Economic slowdown and construction demand shrinkage reduces the profit backlog for construction contractors and bites into their profit margin. The resulting fierce competition for jobs forces construction companies to look for more sophisticated analytical tools to analyze and improve their bidding strategies. For each contractor, bidding strategy is a decision-making process that is driven by the firm’s financial goals with the final objective of maximizing the firm’s gross profit and surpassing the breakeven point. This paper proposes a methodology to model and analyze different bidding strategies with hybrid agent based-system dynamics (ABSD) simulation.
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Comparison between Individual-based and Aggregate Models in the context of Tuberculosis Transmission Tian, Y. and Osgood, N., Proceedings, The 29 th International conference of the System Dynamics Society. July 2011, Washington, D.C.

The desire to better understand the transmission of infectious disease in the real world has motivated the representation of epidemic diffusion in the context of quantitative simulation. In recent decades, both individual-based (such as Agent-Based) models and aggregate models (such as System Dynamics) are widely used in epidemiological modeling. This paper compares the difference between system dynamics models and agent-based models in the context of Tuberculosis (TB) transmission, considering smoking as a risk factor.
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Representing Progression and Interactions of Comorbidities in Aggregate and Individual-Based Systems Models Osgood, N. Proceedings, The 27th International Conference of the System Dynamics Society, July 2009, Albuquerque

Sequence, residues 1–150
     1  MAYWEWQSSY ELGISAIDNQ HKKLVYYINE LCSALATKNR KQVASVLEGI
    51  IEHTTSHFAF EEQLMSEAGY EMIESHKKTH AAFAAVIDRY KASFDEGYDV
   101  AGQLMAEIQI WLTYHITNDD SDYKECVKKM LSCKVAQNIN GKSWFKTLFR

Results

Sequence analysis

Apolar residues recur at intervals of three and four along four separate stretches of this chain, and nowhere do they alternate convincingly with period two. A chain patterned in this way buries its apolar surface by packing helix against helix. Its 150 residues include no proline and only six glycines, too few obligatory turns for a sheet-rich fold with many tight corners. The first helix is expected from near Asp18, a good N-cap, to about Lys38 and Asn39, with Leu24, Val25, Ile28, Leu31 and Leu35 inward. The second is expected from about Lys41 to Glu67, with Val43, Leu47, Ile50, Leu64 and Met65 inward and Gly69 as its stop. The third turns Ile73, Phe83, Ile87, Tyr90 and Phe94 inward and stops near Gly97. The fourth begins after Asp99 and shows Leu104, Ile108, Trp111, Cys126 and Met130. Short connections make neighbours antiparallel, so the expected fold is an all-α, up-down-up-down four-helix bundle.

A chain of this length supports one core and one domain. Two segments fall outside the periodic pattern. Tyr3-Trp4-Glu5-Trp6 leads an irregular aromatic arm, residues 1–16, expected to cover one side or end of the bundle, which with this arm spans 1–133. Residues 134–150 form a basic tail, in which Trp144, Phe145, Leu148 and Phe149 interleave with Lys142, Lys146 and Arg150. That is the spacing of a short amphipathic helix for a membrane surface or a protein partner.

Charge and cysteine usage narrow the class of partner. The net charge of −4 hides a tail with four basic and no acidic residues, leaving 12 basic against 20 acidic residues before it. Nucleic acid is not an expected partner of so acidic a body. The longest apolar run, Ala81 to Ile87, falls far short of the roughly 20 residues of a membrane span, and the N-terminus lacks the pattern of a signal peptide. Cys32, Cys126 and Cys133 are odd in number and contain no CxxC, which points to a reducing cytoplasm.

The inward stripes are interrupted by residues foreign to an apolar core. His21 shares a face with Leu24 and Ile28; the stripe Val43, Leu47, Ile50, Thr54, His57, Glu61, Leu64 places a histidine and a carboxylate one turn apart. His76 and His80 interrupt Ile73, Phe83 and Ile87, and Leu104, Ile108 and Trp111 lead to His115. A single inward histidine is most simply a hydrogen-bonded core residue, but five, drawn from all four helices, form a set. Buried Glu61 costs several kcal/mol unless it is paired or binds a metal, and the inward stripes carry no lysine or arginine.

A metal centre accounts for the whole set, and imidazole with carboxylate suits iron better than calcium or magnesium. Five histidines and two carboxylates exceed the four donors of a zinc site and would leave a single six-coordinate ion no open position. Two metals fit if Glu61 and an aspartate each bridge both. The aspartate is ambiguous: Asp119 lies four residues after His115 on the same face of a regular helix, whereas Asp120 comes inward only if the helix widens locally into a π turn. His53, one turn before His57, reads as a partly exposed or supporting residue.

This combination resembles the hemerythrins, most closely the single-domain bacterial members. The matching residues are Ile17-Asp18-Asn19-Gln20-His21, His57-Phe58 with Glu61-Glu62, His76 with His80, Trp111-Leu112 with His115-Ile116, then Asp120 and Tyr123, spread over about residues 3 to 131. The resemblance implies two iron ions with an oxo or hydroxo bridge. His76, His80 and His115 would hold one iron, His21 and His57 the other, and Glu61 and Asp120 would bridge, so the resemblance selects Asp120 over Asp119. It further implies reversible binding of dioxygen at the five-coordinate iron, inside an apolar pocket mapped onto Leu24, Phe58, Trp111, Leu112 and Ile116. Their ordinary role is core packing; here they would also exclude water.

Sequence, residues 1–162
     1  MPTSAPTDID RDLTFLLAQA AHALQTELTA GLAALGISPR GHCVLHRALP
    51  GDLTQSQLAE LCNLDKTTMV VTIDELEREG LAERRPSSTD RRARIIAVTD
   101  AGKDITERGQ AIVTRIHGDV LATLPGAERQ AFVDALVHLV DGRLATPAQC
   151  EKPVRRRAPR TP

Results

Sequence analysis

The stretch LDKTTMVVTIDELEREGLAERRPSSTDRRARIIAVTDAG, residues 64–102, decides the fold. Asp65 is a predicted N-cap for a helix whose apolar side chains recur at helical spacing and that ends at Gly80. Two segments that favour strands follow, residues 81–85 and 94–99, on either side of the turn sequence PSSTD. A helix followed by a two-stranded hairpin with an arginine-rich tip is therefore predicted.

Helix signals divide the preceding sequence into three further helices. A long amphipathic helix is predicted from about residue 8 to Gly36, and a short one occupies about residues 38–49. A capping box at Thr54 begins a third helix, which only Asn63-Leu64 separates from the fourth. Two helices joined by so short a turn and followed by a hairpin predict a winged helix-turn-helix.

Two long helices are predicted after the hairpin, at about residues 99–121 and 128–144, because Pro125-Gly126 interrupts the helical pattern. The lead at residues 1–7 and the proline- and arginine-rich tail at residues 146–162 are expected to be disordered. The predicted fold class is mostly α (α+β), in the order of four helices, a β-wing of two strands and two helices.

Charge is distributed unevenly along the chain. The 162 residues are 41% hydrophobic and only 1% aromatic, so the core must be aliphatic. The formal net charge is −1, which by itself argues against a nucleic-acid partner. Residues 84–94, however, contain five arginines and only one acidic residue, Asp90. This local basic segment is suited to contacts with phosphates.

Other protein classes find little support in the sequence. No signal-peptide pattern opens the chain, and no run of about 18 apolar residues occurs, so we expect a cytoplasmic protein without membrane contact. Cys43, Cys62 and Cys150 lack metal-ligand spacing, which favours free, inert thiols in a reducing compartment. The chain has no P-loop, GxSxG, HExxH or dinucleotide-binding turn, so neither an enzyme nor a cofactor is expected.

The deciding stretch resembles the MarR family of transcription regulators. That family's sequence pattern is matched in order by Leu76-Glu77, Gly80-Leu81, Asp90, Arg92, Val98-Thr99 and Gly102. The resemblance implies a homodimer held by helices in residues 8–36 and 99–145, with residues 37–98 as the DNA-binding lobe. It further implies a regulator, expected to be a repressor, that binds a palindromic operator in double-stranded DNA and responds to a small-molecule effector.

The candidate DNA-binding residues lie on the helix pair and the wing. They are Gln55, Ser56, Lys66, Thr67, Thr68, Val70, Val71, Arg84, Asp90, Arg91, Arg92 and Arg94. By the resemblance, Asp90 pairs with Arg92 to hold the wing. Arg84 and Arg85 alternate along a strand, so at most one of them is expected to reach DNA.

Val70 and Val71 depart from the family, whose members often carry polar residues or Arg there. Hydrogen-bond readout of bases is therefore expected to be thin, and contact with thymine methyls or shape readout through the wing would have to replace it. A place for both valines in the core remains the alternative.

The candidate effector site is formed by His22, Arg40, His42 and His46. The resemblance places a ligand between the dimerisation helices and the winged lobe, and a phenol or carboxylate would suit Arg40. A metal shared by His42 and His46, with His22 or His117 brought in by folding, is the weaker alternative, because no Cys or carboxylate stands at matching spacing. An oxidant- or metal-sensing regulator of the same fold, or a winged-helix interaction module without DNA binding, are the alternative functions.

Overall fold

Healthcare simulation models have attracted significant offered important insights in to health policy selection. More complete accounting for the cost and health implications of upstream interventions is hindered by the need to consider impact on, and interactions between, multiple comorbidities. Within this paper, we explore several distinct approaches for representing comorbidities, some of them at the aggregate level, and some of them at the individual level. All of these representations have the virtue of being declarative, in that they allow the user to focus on what is to be characterized, rather than how it is to be implemented. Our exploration suggests that while several aggregate representations of comorbidities are possible, they suffer from a variety of shortcomings, ranging from low fidelity to combinatorial blowup. While individual-level representations impose a heavy performance load, greater difficulties in calibration and less rapid analysis, such representations do offer greater transparency, modifiability, scalability, and modularity, and ease of representing transmission and influence networks. With much to recommend each approach, further research is needed to shed additional light on the tradeoffs and identify situations where one representation is preferable to another.
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SILVER: Software in Support of the System Dynamics Modeling Process Nathaniel Osgood, Proceedings, The 27th International Conference of the System Dynamics Society, July 2009, Albuquerque

While the System Dynamics modeling process can yield invaluable high level insights, it gives rise to a tremendous amount of detail complexity. In the course of their work, modelers must track successive model versions, the motivation for and assumptions underlying particular “what if” scenarios, and the implicit relationships between scenarios, model versions and various external artifacts such as spreadsheets, symbolic mathematics calculations, and external documentation.